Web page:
I moved into the house you see here in March 2007. After the contract closed I would lie awake at night and plan my first steps: cutting back the leggy boxwoods. A couple of years ago there was an article in the Sunday New York Times magazine about a famous German landscape architect who had taken on a property with a 50 yard path lined with 4 ft. tall boxwoods along that had been completely neglected for years. Rather than cut them back, he had worked with their natural wild forms, sculpting the shapes and bulges. The result was this stunning swath of oceanic emerald waves, almost bizarre or creepy in its rolling masses. While I can't remember the man's name, I've never forgotten those boxwoods. Nevertheless I immediately cut back the boxwood hedges the day after I moved in. Once they've gotten as leggy as these were, the understory of the plant become bare and the whole hedge looks like it's trembling on house of cards. Which it in fact in can be in the event of a really bad freeze. Anyone who gardened in Austin in the 80s will know what I'm talking about. We had two winters where there were several days where we didn't make it above freezing. Almost every pittosporum in town died. When it was over, the photinias were still standing. Thus the horrid over-planting of this shrub. Back to the boxwoods. So off they went, lopped to about a foot from the ground. I have inherited boxwoods in every house I have ever lived in Austin. They can be terribly boring and smell weird (Nancy Lancaster, my gardening heroine, said her father thought they smelled like dog pee). There is something suspect to me about a plant that only seems appealing if it is rigidly controlled and shaped. But then they do work well as a simple wall of green in many garden settings, both formal and rambling. My oldest daughter spent a summer at Blandy in Virginia, a state run horticultural research center where they have the world's most complete boxwood garden and it was interesting to see how vast the array of sizes and varieties. So I hope my boxwoods take the rigorous pruning. But if not, asi es la vida. I've just moved to this house from my previous half-acre in Rollingwood. Giant lot, giant lawn, vast perennial beds, back-breaking work every winter cutting back the woody perennials, never ending policing of the drip-irrigation hoses. Way too much lot for any city-dweller to own or maintain. When they put in the sewer system 5 years ago, the trencher dug up my front yard and I could see with horror the fact that I had at most 5 inches of topsoil sitting on solid limestone. Of course it only confirmed what I already knew and felt every time I stuck a shovel into the ground and heard the dreaded "CLANG!" So now I've moved a little ways north to plain old black clay, or as Scott Ogden calls it, mbuga. 1940's cottage, miniscule front yard, and completely unadorned back yard. I'm always amazed to find old houses where no one has planted so much as a single rosebush or carved out a tiny bed. But here we have a virgin plot, except for the some very minor nominal landscaping done by the houseflipper's paid guns. At my last house I kept a garden journal, pasted in pictures and i.d. tags from purchased plants. For this house, I think I'll do both: journal and blog. Next post will outline my Grand Plan.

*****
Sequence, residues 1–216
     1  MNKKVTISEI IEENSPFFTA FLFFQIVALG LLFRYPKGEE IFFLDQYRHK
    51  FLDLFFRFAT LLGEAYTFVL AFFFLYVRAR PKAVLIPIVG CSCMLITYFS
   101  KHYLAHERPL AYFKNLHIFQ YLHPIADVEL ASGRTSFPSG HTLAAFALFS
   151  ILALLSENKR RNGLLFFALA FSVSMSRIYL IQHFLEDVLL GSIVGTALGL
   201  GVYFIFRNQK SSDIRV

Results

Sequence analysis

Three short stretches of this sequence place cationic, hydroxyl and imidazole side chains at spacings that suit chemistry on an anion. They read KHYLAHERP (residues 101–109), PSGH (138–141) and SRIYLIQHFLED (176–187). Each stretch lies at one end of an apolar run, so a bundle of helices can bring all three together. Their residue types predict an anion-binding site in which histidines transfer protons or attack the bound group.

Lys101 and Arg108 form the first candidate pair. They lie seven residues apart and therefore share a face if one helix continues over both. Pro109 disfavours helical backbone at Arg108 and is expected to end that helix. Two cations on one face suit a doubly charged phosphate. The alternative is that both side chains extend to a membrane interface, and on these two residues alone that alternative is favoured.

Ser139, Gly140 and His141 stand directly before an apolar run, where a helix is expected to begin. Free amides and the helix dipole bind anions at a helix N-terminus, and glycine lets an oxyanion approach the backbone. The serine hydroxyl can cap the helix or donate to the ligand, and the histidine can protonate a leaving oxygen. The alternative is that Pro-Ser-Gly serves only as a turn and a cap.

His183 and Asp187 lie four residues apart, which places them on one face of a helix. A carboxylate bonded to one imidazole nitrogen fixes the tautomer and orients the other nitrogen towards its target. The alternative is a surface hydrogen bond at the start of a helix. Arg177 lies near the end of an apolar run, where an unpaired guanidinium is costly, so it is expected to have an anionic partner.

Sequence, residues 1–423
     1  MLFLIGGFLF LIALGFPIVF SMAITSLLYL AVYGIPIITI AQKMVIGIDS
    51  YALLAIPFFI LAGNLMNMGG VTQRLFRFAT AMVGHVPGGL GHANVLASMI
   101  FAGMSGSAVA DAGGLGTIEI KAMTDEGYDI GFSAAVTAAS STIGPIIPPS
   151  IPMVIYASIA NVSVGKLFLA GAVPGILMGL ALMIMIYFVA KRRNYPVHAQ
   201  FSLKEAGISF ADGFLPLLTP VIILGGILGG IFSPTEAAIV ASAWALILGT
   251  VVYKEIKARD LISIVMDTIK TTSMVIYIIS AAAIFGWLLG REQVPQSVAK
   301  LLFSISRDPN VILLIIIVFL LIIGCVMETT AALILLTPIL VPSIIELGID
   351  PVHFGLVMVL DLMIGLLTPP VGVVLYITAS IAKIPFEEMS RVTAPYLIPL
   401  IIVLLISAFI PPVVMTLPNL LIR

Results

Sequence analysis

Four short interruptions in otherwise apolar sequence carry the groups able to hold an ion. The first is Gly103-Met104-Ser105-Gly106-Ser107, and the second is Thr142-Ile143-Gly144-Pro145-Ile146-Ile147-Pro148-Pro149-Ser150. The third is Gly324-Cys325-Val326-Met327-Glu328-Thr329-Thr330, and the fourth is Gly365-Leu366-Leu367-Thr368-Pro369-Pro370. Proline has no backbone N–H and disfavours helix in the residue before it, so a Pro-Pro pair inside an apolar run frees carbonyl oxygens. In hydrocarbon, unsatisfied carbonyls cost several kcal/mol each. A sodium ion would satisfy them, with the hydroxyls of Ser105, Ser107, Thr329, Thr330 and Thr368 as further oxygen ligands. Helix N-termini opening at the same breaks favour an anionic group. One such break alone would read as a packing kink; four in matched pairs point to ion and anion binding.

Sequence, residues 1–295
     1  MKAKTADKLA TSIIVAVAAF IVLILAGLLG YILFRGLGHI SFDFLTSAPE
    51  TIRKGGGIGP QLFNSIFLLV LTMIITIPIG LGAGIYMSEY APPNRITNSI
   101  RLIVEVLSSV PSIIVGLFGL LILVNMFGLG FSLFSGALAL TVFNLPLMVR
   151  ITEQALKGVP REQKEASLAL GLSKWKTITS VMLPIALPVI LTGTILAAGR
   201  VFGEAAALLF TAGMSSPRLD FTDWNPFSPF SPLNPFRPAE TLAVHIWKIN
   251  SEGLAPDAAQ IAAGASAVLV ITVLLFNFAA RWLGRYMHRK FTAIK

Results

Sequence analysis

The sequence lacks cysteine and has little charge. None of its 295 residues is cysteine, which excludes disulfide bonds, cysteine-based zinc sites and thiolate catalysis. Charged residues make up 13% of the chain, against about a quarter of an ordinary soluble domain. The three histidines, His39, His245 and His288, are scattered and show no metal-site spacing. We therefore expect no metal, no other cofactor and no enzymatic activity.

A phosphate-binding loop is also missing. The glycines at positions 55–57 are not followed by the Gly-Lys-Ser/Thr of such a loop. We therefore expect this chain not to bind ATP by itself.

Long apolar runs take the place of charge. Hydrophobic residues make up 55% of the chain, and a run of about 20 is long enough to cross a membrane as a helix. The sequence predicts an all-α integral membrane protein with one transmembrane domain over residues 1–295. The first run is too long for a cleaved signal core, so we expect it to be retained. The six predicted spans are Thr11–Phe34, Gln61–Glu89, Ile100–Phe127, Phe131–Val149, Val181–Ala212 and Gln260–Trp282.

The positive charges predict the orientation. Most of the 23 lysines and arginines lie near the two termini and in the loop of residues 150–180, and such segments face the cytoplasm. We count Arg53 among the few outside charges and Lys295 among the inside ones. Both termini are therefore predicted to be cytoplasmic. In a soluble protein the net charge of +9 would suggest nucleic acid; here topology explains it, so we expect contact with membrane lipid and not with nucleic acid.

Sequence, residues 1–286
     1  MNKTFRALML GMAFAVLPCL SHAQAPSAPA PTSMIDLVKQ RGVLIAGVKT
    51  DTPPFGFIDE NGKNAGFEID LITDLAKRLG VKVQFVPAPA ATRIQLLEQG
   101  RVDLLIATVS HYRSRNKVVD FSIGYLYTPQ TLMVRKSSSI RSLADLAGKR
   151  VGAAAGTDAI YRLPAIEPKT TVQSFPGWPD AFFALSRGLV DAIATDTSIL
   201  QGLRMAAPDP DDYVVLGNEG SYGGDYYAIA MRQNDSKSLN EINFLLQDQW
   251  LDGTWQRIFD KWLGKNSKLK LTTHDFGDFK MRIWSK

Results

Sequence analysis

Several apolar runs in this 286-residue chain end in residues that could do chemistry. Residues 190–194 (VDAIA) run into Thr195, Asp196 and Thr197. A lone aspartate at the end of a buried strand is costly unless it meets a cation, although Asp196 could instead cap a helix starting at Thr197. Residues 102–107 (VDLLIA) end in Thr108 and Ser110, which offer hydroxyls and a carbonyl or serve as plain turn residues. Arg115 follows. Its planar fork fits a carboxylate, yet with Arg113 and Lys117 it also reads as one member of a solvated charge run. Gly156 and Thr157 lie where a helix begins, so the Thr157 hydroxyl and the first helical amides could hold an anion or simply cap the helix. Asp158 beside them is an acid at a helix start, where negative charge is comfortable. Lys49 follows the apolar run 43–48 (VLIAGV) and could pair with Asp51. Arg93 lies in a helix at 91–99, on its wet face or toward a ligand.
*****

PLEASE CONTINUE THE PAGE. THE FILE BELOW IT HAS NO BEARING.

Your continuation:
After 10 years gardening on solid rock in Rollingwood, I moved into a 40's cottage in the North Loop area spring 2007. The little postage stamp yard is black clay and no one had ever dug a single flower bed. After visiting Key West a few years ago, I came back inspired by the little frame cottages, white painted railings, and rustling palm leaves. So the plan is: desert tropical cottage garden.